“We don’t need particles to live forever in order for them to be interesting. They just need to live long enough for us to study them,” Polly says. “Because these particles are traveling near the speed of light, their relativistic lifetime is much longer and we have more than enough time to make experimental measurements.”
With extremely fast speeds and special relativity on their side, muons are appealing research specimens. Their limited life span and middle-of-the-road mass also gives muons unique characteristics that could explain strange aspects of the Standard Model and even illuminate new physics, such as the existence of new particles and new subatomic processes.
Breaking family bonds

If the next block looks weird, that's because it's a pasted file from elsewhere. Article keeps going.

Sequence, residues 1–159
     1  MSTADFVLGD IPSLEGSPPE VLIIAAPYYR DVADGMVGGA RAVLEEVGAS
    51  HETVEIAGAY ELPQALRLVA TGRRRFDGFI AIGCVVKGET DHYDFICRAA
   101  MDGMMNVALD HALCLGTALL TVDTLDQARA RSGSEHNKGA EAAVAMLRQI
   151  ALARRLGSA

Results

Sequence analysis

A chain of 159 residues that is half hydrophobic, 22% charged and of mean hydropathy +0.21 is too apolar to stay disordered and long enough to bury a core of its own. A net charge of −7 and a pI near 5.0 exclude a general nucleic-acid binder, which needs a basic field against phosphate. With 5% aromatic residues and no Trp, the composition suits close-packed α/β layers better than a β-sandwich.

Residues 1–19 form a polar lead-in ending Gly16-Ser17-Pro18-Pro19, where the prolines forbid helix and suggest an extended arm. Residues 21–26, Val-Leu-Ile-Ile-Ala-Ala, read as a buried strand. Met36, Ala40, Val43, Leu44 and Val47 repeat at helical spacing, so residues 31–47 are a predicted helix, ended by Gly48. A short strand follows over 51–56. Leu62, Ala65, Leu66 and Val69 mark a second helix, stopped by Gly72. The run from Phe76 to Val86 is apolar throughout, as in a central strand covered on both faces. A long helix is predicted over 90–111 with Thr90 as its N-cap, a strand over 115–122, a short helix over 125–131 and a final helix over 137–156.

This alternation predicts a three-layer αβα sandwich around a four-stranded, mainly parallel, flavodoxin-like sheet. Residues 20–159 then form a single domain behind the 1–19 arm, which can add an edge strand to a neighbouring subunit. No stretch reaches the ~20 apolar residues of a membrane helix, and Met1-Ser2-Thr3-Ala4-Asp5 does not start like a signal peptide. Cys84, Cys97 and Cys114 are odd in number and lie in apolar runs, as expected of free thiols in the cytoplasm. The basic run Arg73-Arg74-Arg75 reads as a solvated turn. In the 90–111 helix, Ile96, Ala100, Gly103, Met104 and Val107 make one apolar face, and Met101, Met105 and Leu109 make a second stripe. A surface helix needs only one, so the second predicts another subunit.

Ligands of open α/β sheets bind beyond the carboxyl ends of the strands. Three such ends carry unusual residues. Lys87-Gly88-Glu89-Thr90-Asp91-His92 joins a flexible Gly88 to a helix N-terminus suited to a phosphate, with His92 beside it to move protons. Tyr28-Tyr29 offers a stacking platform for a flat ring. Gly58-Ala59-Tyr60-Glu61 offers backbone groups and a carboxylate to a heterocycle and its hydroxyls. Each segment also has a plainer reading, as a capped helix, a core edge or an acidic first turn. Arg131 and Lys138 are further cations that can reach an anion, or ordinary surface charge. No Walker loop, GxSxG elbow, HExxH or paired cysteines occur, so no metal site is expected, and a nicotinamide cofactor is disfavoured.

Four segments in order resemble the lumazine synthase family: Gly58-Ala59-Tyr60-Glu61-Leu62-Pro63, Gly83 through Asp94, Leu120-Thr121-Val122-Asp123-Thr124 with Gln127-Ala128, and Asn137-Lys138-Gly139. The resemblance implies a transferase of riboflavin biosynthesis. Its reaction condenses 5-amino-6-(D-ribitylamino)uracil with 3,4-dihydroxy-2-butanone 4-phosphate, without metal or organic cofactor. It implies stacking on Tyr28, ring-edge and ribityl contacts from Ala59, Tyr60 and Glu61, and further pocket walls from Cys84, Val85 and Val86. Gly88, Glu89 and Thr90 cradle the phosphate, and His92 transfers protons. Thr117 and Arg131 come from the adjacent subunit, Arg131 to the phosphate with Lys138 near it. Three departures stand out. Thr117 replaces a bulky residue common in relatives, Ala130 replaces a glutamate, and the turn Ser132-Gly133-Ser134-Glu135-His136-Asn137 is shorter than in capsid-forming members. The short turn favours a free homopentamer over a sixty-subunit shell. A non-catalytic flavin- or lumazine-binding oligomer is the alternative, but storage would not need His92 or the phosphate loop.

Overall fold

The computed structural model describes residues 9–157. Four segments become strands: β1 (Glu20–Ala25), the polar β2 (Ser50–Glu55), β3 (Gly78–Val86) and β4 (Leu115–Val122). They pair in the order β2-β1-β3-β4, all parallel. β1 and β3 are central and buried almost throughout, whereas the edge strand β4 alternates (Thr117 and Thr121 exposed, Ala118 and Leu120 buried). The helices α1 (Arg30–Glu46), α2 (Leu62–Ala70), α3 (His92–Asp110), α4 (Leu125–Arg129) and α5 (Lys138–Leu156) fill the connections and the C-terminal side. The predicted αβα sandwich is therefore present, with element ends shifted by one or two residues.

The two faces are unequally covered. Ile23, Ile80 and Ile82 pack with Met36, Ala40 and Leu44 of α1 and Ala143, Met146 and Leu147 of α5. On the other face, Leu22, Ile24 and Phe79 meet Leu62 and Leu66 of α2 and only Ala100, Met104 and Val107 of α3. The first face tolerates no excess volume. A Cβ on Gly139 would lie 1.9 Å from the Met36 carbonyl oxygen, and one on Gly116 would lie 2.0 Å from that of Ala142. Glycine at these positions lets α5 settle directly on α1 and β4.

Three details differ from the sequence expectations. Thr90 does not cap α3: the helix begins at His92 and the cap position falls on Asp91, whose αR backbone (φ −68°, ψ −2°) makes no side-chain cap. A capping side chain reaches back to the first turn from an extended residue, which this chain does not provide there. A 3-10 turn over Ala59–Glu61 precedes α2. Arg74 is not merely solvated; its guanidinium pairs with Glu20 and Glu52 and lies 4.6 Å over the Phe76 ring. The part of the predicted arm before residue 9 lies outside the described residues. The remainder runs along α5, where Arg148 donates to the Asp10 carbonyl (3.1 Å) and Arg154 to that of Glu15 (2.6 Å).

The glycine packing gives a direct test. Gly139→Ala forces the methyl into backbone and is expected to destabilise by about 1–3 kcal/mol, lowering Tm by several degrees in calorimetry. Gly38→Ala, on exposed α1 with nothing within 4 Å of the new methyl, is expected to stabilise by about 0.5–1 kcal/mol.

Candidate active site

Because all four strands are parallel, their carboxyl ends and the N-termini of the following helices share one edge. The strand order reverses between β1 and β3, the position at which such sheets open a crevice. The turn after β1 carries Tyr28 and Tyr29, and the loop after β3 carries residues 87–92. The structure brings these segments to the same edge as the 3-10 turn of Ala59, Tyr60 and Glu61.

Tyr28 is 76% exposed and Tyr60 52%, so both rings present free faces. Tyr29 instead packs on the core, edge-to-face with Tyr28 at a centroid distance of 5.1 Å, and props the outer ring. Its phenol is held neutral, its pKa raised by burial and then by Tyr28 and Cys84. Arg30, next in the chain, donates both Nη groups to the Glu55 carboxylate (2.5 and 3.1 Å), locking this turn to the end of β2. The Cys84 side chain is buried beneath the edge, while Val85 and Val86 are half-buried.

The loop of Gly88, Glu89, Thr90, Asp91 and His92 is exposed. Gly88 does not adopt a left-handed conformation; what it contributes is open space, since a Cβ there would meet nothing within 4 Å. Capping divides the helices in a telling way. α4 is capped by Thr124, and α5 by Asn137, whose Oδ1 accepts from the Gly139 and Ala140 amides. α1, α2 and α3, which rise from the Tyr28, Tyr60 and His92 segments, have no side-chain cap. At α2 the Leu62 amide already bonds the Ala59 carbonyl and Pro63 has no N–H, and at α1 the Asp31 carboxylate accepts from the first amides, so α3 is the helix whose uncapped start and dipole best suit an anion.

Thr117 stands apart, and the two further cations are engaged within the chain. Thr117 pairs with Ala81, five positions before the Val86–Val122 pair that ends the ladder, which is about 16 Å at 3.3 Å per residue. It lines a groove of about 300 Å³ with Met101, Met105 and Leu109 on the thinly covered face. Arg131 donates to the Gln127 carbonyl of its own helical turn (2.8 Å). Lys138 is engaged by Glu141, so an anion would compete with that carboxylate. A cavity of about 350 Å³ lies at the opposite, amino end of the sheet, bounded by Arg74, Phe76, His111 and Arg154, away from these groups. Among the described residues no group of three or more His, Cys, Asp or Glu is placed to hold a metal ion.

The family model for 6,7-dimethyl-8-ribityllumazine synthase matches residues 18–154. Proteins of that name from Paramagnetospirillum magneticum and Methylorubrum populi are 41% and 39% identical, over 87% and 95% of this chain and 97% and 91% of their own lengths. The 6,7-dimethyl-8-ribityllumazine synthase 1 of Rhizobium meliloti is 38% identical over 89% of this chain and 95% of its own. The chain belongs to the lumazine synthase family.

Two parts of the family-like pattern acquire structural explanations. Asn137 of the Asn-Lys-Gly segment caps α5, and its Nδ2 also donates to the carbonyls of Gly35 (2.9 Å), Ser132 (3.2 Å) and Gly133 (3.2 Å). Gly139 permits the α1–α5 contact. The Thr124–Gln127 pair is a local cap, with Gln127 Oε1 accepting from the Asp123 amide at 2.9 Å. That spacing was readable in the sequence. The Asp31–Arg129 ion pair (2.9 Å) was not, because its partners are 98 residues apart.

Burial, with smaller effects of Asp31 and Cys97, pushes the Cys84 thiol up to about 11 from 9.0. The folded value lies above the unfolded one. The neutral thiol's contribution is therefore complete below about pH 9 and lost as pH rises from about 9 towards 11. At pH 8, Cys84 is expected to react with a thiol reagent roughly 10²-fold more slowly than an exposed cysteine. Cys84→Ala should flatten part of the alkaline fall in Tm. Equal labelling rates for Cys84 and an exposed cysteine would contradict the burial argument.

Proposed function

The muon is one of 16 fundamental particles that make up everything—all matter, all forces, all energy—in the visible universe. These particles exist in their own microscopic community. There are the quarks, which always hang together; the lone-ranger neutrinos, which are just passing through; the antisocial charged leptons, which like to have their own space; and the diplomatic bosons, which mediate every interaction.
To decipher the dynamics of this community—and thus understand the fabric of existence—scientists are using muons to study the behaviors and characteristics of particles themselves.
One aspect of community dynamics scientists think muons might illuminate is the relationship between the families, or generations, of matter.
All matter is divided into three generations. Each quark is paired with a sibling—updown, charmstrange, topbottom—and every charged lepton has a little neutrino side-kick—electronelectron neutrino, muonmuon neutrino, tautau neutrino.